About Feral Cats – One More Time

You may have seen Janelle Retka’s piece from the Yakima (Washington) Herald-Republic inside the front cover of this rag on 7 January. The headline read “Struggle to keep up with feral cat population in Yakima County.” This is an ever increasing problem – in hundreds of communities across the US and the world. Yakima City Councilman Jason White was quoted as hoping that incoming City Council members would help “create systematic change” to how the problem has been handled. Sadly (in my science- and observation-based opinion), the majority of the article was devoted to local TNR (trap, neuter and release) programs and the need for more “heaven sent” volunteers to catch and release ever more neutered cats.

I have written about this “issue” (feral and free-roaming cats and their impacts on birds and wildlife) a time or two in the past. My Ellensburg Daily Record column of 3 October, 2003, triggered local emails and phone calls to cat fans scattered far and wide, suggesting that I (a college professor, of all things) was urging kids to shoot cats. That wildly erroneous information engendered several rather vitriolic letters to the editor of this rag from across the U.S. and as far away as Europe and Hawaii.

Be that as it may, there are literally hundreds of stories and studies regarding the damage done by unattached cats. One from 2008 had to do with a cat and dead bats in a neighborhood near Mill Creek, Washington. Seems that, as moths came in at night to feed on blooming yuccas, bats swept through to feed on the moths. The neighborhood free-roaming cat simply waited under the yuccas and nailed the bats. The neighbors, who all put out food for the cat, were skeptical of the findings of the Washington Department of Fish and Wildlife biologists until they sat up and watched the cat kill a couple bats. As has been found in any number of studies, the cat was well fed – the killing was not for food; the dead bats were simply left on the ground. (The cat was then adopted by a family which promised to keep it inside.)

The American Bird Conservancy, as part of its mission to protect native birds and their habitat, launched Cats Indoors! a couple decades ago. This in response to what is, today, some 100 million feral or free-roaming cats in the U.S. killing as many as a billion birds per year. (A 2013 report based on the work of scientists at the Smithsonian and the U.S. Fish & Wildlife Service said that free-ranging domestic cats kill 1.4 to 3.7 billion birds and 6.9 to 20.7 billion mammals each year.) On the Conservancy’s website (www.abcbirds.org), are pretty comprehensive feral cat discussions under links to “Threats” and “Solutions.” The Conservancy posts this statement: “Trap, Neuter, Release (TNR) is advertised as a tool to reduce feral cat numbers. Unfortunately, TNR programs have been shown to fail to reduce feral cat populations while simultaneously maintaining feral cats on the landscape, where they contribute to wildlife and public health risks.”

Some writers, including Audubon Magazine writer, and widely respected environmental journalist Ted Williams, have even described TNR as a “dangerous, cruel…practice.”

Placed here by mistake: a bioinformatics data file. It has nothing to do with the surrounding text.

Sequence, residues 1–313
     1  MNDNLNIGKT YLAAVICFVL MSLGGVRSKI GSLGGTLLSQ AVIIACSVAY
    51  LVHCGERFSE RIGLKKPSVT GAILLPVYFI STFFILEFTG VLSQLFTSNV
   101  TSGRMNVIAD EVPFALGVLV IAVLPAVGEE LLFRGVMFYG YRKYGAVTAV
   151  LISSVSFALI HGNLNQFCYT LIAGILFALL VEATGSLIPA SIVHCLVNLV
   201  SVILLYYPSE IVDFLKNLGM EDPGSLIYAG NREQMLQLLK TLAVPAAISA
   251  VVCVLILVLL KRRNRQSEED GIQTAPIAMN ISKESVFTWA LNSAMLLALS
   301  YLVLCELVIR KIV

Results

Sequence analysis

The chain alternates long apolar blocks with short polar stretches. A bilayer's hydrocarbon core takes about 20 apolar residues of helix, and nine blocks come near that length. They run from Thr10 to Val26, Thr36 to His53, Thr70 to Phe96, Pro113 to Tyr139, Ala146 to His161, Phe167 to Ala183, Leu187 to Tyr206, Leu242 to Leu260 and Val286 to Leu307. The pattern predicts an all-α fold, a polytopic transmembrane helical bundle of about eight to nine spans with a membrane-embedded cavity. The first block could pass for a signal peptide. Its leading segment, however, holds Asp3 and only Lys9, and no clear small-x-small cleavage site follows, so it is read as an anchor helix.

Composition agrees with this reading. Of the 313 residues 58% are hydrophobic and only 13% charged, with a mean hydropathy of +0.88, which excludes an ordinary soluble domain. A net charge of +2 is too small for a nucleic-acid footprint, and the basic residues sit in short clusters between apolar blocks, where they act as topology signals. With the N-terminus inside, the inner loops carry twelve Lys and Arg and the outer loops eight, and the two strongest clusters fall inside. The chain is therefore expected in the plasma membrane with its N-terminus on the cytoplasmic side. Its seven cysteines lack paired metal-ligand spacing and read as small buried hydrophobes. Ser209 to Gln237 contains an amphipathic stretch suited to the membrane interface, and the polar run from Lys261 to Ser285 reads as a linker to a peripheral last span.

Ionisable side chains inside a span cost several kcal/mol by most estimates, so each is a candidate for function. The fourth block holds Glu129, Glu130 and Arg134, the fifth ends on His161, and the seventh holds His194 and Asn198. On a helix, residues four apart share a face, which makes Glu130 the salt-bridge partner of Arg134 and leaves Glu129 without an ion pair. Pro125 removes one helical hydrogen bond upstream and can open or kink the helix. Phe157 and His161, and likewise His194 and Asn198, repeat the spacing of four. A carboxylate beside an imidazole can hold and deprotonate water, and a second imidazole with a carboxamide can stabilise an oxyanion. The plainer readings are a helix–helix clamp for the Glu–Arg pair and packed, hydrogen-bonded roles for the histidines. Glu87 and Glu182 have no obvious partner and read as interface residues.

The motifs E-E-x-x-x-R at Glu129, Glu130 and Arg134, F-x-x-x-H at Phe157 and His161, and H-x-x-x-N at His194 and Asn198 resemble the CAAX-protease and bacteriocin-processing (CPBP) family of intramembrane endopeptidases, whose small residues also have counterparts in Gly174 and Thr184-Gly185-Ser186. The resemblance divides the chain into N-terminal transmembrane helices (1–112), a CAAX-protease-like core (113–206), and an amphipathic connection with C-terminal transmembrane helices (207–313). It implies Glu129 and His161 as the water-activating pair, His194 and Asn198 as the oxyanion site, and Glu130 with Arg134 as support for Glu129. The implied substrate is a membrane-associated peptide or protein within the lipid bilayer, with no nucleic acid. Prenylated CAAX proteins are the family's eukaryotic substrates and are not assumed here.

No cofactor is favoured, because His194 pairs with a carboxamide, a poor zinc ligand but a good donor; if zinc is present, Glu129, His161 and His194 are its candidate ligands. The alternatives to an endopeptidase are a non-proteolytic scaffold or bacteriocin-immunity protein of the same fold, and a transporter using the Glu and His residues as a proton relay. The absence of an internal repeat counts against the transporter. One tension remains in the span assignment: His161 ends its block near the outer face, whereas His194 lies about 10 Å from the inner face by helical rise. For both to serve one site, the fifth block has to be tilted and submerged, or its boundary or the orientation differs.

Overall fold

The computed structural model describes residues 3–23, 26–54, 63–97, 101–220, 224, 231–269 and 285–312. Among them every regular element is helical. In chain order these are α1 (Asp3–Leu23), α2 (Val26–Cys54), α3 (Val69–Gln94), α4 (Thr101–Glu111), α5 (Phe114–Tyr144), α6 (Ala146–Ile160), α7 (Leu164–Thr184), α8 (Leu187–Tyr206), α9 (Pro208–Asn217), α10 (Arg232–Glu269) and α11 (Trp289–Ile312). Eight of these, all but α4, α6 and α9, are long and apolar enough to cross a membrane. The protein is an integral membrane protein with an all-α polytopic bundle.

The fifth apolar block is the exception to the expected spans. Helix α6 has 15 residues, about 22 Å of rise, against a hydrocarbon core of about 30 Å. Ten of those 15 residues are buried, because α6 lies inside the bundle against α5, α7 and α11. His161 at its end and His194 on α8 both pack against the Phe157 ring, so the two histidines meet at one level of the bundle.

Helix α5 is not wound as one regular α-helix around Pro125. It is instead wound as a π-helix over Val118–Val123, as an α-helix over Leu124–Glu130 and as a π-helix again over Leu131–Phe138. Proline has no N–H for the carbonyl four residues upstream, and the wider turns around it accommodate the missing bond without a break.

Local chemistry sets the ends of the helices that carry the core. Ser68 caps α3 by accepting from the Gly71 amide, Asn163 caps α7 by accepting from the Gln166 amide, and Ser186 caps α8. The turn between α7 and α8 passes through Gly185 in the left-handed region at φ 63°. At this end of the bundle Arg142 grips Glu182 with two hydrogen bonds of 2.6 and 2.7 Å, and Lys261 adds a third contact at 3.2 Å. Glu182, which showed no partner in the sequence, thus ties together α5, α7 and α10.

If you are truly interested in a larger – and well-documented – picture of the issue of feral cats, I recommend that you read a July 3, 2018, piece by Joan Meiners (Twitter at @beecycles). Joan was an Ecology PhD candidate at the University of Florida and a summer environmental reporter for NOLA.com. She was working under a fellowship from the American Association for the Advancement of Science. Find her “15 reasons science says feral cats are a disaster” at www.nola.com/archive/article_eb5c5aae-d596-552f-995d-6dfbe87ce68f.html.

Documentation follows each of these “15 reasons:” 1. Feral cats are ecological serial killers (a 2013 study by the U.S. Fish and Wildlife Service and the Smithsonian Conservation Biology Institute found free-ranging, domestic cats (mostly unowned) to be the single largest human-caused threat to wildlife); 2. Feral cats kill for fun, abandoning dead animals that become food for more rats (cats are “surplus killers” – they kill more prey than they eat); 3. Outdoor cats kill between 1.4 billion and 3.7 billion songbirds every year; 4. Outdoor cats kill at least 6.9 billion mammals per year, most not rats; 5. So where does the idea of cats as rat killers come from? Ships in the 1800s; 6. Jack Russel Terriers might be better at killing rats anyway; 7. Feral cats decimate the primary consumers of mosquitos and other insect pests; 8. Cats are the top carriers of rabies among domestic animals in the US; 9. Cats spread toxolasmosis; 10. The parasite in cat poop stays in the soil for a long time; 11. Living with cats during childhood has been linked to increased risk of schizophrenia; 12. Exposure to feral cats could make you a bad driver, or a poor student; 13. Food left out for feral cats likely feeds city rats, too; 14. Outdoor cats are overwhelming not only wildlife, but animal shelters; and, 15. Studies suggest most trap-neuter-release programs don’t reduce cat populations

Whatever your perspective, consider the voices of thousands across the country asking that cats be kept inside, or confined or on a leash when outside. This is a time of year when birds, especially, are highly vulnerable while feeding and surviving.

Then, too, studies have shown that cats kept inside live longer.

Written by Jim Huckabay. Posted in Uncategorized

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